Sharon Van Etten is finally back in the house after an absence of 3 years, and it feels good. Fresh off an extensive tour of Europe she has brought her ‘Darkness Fades’ tour to Australia. Apart from this show at Sydney’s iconic Opera House, Van Etten will be playing the Meredith Festival as well as dates in Brisbane, Melbourne and Fremantle.
Van Etten released her sixth album, ‘We’ve Been Going About This All Wrong’, which she produced in her home studio in Los Angeles earlier this year. Whilst the epic album addressed the issues that the world has faced over the past two years of the pandemic, it is also a deeply personal reflection on motherhood. Van Etten has curated a playlist for the Opera House that reflects the songs that she and her five-year-old son love to listen to.
Van Etten’s band, made up of Jorge Balbi on drums, Devon Hoff on bass, Teeny Lieberson on vocals and synths, and live musical director Charley Damski on synths and guitars, take the stage and then, out strides Van Etten to cries of “Shazza” from the audience.
There will be a constant interplay between Van Etten and the crowd tonight as her peculiarly Australian nickname is shouted out between songs. The interactions between Van Etten and Hoff are also fascinating to watch, his bass providing the fulcrum around which she weaves her voice and guitar. It is peculiar to be in a large crowd again, and very few people are wearing masks. Van Etten stalks the edge of the stage, making eye contact with those seated near the front, she seems to sense her audience’s need for connection, after the pandemic-induced absence of concerts. The stage is sparse, there are no screens, just a huge disco ball that reflects light in a million shards across this vast, beautiful space. Van Etten’s voice is magnificent and permeates the hall. It is particularly showcased on ‘Beaten Down’, a highlight of the evening. There are some funny moments – Shazza tells us that she has been told that she dances like Elaine from ‘Seinfeld’ and then proceeds to demonstrate this talent.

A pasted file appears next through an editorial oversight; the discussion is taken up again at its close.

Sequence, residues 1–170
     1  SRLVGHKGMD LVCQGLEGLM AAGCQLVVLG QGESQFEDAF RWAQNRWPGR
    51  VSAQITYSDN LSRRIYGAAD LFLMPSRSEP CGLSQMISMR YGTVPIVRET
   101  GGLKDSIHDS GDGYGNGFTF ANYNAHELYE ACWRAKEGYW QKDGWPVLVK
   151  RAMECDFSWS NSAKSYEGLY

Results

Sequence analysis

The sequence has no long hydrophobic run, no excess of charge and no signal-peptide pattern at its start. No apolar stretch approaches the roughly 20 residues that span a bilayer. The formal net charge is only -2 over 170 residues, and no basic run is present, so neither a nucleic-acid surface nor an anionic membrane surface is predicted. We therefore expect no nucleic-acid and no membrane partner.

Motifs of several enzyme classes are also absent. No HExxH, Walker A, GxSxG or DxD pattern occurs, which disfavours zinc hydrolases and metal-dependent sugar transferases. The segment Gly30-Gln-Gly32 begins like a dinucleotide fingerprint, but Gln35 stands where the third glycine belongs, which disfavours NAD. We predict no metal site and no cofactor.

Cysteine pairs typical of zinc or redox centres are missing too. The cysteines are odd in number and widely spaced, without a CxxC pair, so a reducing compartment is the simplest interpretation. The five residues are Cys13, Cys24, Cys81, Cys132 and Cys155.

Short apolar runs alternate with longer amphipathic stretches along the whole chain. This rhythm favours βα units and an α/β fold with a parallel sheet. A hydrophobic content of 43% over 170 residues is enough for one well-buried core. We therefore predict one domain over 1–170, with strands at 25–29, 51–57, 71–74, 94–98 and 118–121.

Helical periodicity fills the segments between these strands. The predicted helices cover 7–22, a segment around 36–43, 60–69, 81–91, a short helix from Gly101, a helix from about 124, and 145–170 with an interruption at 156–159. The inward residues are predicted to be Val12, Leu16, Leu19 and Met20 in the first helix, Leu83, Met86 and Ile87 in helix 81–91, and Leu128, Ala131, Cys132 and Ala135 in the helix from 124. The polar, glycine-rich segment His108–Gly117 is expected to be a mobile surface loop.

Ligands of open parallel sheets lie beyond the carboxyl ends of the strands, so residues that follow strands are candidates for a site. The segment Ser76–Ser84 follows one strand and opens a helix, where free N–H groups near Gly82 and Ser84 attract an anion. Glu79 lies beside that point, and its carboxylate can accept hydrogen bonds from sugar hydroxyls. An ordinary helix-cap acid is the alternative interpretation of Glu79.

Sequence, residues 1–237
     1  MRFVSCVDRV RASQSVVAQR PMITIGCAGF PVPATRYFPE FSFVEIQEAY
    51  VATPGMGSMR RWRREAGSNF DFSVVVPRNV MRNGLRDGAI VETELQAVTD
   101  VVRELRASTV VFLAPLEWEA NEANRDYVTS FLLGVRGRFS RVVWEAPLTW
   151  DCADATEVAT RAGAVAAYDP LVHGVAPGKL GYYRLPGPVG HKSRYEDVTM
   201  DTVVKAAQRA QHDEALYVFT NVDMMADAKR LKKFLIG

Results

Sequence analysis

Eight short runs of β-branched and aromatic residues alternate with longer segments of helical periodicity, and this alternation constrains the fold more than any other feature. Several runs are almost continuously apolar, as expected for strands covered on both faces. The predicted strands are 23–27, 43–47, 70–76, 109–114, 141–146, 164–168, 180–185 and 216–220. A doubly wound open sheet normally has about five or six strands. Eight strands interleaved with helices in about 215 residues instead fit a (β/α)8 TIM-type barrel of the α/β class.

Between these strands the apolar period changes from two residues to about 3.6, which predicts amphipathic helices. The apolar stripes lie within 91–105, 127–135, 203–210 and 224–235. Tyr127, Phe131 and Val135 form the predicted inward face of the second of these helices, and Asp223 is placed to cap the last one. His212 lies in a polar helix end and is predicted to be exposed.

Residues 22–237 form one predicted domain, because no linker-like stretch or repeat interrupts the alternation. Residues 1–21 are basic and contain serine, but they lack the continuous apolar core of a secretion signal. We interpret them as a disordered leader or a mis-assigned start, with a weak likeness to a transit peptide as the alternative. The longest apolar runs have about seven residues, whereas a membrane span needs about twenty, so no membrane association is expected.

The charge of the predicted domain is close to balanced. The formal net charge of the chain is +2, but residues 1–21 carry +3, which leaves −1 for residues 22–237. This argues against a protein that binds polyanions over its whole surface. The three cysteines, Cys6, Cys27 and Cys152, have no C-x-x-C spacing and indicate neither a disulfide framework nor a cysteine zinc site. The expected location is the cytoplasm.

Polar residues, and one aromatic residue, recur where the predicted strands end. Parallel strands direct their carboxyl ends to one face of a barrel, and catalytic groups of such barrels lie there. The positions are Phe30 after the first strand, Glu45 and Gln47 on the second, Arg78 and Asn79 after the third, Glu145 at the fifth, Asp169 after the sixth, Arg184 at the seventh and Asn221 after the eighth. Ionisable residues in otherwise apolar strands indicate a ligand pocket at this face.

Before playing ‘Darkish’ Van Etten tells a story about how this song started life as a story about there not being any birdsong in Brooklyn, but later ended up being one of, according to her, the least depressing songs on her new album. As she speaks I am reminded of ‘Songbird’ the song that Christine McVie would perform at the end of Fleetwood Mac concerts and how news of McVie’s sad passing reached us today. ‘Seventeen’ is the last song and it gets everyone up on their feet, busting their own Elaine moves. Van Etten duets with an audience member, she tugs on his shirt, drawing him close as he shuts his eyes closed in delight and belts out the lyrics.
The Sydney Opera House has just completed extensive upgrades to its Concert Hall and it is fitting that Van Etten has performed one of the first contemporary music concerts in this magnificent place. The Opera House is iconic and so is Sharon Van Etten.